Christmas comes to us with all the subtlety of a freight train—and like a freight train, our Christmases have it all. There is the unmistakable magic of the baby in a stable, stars and angels, shepherds and kings, miracle and mystery.
Then there is what many of us know as Christmas today, some of which we are sorely missing this year but which so strongly evoke “Christmas”: Christmas music blaring in the mall, cookies and sweets, fancy trees, showy lights, gaudy decorations, and frenzied parties.
Christmas is an impossible juxtaposition of burdensome expectations and fervent hope. Sometimes it feels like a tug-of-war between two competing world views, a surreal experience of two parallel universes.
I think that God would be amused at the world’s clumsy attempts to re-create outwardly the holy joy that we hold within us. I even think that God blesses our union of the profound and the tacky, the simple birth and extravagant gifts, our contemplative wonder and our raucous parties.
And why not? God is a God of paradox. God came to dwell with us in all the messiness and disarray of our daily life. Jesus’ birth was a mingling of the divine and the earthy, the lowly and the noble, situated in history but rooted in eternity. Is it any wonder that our Christmas celebrations are also steeped in paradox?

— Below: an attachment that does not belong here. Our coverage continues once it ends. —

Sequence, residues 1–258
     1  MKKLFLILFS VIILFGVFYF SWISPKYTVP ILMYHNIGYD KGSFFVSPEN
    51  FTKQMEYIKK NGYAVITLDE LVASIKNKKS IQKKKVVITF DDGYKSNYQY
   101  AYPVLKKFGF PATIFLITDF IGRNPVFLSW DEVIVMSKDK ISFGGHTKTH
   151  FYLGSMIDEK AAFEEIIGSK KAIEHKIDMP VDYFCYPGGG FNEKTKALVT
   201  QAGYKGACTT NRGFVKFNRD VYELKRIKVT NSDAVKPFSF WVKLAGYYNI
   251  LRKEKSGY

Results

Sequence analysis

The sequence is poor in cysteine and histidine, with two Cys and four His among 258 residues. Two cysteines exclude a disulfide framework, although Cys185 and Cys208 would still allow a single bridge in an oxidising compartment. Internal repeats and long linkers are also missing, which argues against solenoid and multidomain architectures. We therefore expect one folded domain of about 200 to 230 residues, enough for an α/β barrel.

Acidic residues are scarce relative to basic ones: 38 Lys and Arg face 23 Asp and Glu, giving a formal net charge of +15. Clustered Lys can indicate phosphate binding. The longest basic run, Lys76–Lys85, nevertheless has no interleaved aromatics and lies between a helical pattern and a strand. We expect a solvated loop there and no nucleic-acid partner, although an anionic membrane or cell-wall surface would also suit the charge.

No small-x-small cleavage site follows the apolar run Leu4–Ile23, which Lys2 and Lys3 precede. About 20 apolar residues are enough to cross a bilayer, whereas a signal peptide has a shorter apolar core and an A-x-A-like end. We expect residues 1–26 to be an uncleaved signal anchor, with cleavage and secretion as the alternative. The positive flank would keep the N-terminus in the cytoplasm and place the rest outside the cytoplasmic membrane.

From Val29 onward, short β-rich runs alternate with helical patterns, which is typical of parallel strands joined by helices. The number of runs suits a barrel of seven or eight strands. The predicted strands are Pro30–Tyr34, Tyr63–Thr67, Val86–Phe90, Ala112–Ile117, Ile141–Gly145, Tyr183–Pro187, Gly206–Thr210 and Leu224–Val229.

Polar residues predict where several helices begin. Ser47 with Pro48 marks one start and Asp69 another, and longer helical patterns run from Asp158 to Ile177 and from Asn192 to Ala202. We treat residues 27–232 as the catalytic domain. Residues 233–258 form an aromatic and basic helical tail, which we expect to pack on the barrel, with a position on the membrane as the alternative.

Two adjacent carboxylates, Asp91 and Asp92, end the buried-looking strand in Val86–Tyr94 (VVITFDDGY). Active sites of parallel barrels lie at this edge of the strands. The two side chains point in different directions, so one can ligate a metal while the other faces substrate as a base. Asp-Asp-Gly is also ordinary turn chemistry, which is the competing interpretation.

Jesus came to earth amid its chaos and transformed it. Our Christmas traditions seek to transform the everyday and to honor the gift of Christ to us. They are a heartfelt, if clumsy, sacramental offering of the world given back to God. They are a gift of abundance to the God of abundant joy.
In this light, we can forgive ourselves for our indulgence of joy in the name of Christ, whose birth we so piously and so riotously celebrate this month. For soon, the world will finally grow hushed as we sing “Silent Night,” in awe and wonder and love.
And for those driven crazy by the picture above of your next-door neighbor’s house, take heart in this one:
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